Coco Tsaur

KETO HAP(PEA)NESS: Salmon poke bowls, topped with peas, avacados and seaweed, is a student favorite.

Exploring the realm of food: Various diets and dishes

A healthy diet is one of the most important things to maintaining your health, but it’s just so much easier to grab that bag of chips over preparing fresh fruit. For those of you struggling to stick to a healthy diet, it may be a good idea to explore if there’s a better diet for you. Please note, prior to starting any new diet regimen, you should discuss the various benefits and risks with a medical professional to make sure it is right for you.

Vegetarian. Vegetarians cut out all meat of their diet, including fish and poultry. Besides the environmental and ethical benefits of not consuming meat, vegetarians reap many health benefits, such as improved cardiovascular health and stabilized blood sugar. A well-balanced vegetarian diet can certainly provide high intake of nutrients like fiber, Vitamin C and Vitamin E. However, cutting out meat and fish can lead to protein and Omega-3 deficiencies. To avoid this, make sure to include protein-rich plants such as nuts and tofu in your diet, in addition to fruits, vegetables and grains to fill any nutrient deficiencies you may have.

“I’m vegetarian because it’s part of the culture and traditions of my family,” junior Surya Subbarao said. “I enjoy samosas, which are Indian triangular snacks filled with vegetables and spices, usually with sweet or spicy sauce. I like them because of the variety they have in terms of the filling and the sauce, and they can have a lot of different flavors.”

Vegan. A popular type of vegetarian diet, the vegan diet is similar in that it also cuts out all meat, fish and poultry. The difference is that vegans cut out all animal products from their foods including eggs, milk and all forms of dairy. In fact, many vegans consider it to be a lifestyle choice, abstaining from all forms of animal cruelty, including food, clothing and everyday products. However, similar to vegetarians, vegans can suffer from various nutrient deficiencies due to cutting out so many foods, including iron, calcium and zinc. Enriching your diet with nutrient-rich plant foods instead of processed vegan foods will help enrich your diet and minimize the risks of the vegan diet.

“I enjoy trying new things to benefit my health, so I was vegan for half a year at one point in my life,” freshman Kristen Lew said. “Being a dancer and fitness lover, I have always been aware of my health and diet. I’m not vegan anymore because it wasn’t beneficial for training and muscle building. I’ve found a diet that works better for me, and I feel healthier and happier as a result.”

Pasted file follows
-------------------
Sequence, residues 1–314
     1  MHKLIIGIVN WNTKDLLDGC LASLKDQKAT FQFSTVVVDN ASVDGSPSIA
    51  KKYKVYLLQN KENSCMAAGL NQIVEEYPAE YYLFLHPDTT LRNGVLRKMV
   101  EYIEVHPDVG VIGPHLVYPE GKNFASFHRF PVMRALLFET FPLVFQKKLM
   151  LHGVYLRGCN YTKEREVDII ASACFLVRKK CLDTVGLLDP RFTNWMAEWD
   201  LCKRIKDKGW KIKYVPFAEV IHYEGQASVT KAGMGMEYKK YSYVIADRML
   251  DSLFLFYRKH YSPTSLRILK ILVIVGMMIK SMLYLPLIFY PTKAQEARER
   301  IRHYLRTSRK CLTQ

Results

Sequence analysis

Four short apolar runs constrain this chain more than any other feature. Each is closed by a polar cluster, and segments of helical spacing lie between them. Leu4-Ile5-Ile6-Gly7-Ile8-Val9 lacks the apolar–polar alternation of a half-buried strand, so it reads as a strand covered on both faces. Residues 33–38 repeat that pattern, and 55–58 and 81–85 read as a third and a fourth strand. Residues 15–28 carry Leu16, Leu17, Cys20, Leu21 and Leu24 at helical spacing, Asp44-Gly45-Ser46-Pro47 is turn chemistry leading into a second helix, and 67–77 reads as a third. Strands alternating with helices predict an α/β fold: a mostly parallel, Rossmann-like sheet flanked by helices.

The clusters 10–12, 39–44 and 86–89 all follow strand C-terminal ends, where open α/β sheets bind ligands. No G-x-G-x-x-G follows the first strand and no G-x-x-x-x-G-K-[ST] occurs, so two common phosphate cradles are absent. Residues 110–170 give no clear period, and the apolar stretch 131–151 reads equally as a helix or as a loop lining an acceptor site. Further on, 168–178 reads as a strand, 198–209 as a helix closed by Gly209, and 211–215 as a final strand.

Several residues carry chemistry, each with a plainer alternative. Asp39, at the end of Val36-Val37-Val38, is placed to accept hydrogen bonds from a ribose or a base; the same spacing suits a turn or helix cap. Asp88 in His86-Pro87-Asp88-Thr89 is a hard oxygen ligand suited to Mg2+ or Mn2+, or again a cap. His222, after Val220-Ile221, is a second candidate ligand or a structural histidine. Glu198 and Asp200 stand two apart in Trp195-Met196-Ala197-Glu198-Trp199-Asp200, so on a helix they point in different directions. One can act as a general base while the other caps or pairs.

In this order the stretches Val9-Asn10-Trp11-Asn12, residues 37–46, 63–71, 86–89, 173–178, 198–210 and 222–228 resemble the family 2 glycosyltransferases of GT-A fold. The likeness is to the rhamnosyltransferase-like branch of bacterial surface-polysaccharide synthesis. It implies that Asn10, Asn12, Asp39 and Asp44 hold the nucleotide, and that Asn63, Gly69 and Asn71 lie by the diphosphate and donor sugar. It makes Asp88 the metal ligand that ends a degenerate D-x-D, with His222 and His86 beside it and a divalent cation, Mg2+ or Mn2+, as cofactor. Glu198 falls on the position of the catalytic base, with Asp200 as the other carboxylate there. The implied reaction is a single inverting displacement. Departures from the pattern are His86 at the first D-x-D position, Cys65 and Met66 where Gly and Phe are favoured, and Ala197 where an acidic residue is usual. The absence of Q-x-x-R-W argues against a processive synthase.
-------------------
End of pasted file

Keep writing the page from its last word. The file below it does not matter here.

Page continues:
Carnivore. The carnivore diet is the exact opposite of the vegan diet, consisting entirely of meat and animal products and cutting out all plant foods. Proponents of the diet believe that the increased protein intake and abstinence from carb-heavy foods can provide health benefits. However, there has been no research supporting these claims. The downside of the carnivore diet lies in that it is high in fat and sodium, which can lead to kidney stones, fatty liver disease or high cholesterol in addition to nutrient deficiencies. Moreover, meat and animal products are less environmentally-friendly than plant foods. Cutting out all vegetables may sound enticing, but you might want to consider the trade-off first.

Gluten-free. Gluten is a group of proteins found in certain grains, such as wheat, rye and barley. If you feel symptoms like nausea, bloating, diarrhea, constipation or stomach cramps after eating foods with gluten, you may have gluten intolerance and would benefit from following a gluten-free diet. Since many grained foods, including breads, pastas and cereals, tend to have ingredients with gluten in them, it’s important to read the labels of processed foods. Going gluten-free doesn’t have many added health benefits or risks, but it may truly help those whose bodies don’t handle gluten well.

Ketogenic. The ketogenic diet, better known as keto, aims for low carbohydrate and high levels of healthy fat by replacing the carbs you eat with fat. Other than decreasing insulin and blood sugar levels, the low-carb diet is beneficial for those with diabetes. The limiting of carbohydrate consumption can also induce a metabolic state called ketosis, in which the body begins to burn fat instead of carbs for fuel. However, there may be side effects for those that follow the keto diet in the long term, such as muscle loss, cholesterol spikes and micronutrient deficiencies. This diet is most safely done with medical supervision.

Paleo. There’s no doubt that humans’ diets have changed drastically through the years, but you can replicate what humans ate as hunter-gatherers in ancient times by following the paleo diet. This is done by eating entirely natural foods, eliminating all sugars and processed foods from the diet. Although the potential risks are unknown, the paleo diet does provide some benefits, such as better glucose and blood pressure levels, as well as a better appetite overall. There is no one right way to do the paleo diet, as every ancient human ate something different, but you can explore with this diet and perhaps unlock part of yourself you didn’t know existed.

“The saying ‘you are what you eat comes to mind,’ and I believe it is a good idea to cut down on foods that don’t benefit our bodies in any way,” junior Samhita Suripeddi said. “Researchers still don’t know the long-term impact of this diet, so I am wary of some of its aspects, like the lack of fiber and calcium intake. I believe that humans have evolved, and I think that the mimicking of ancient hunter-gatherers is a stretch.”

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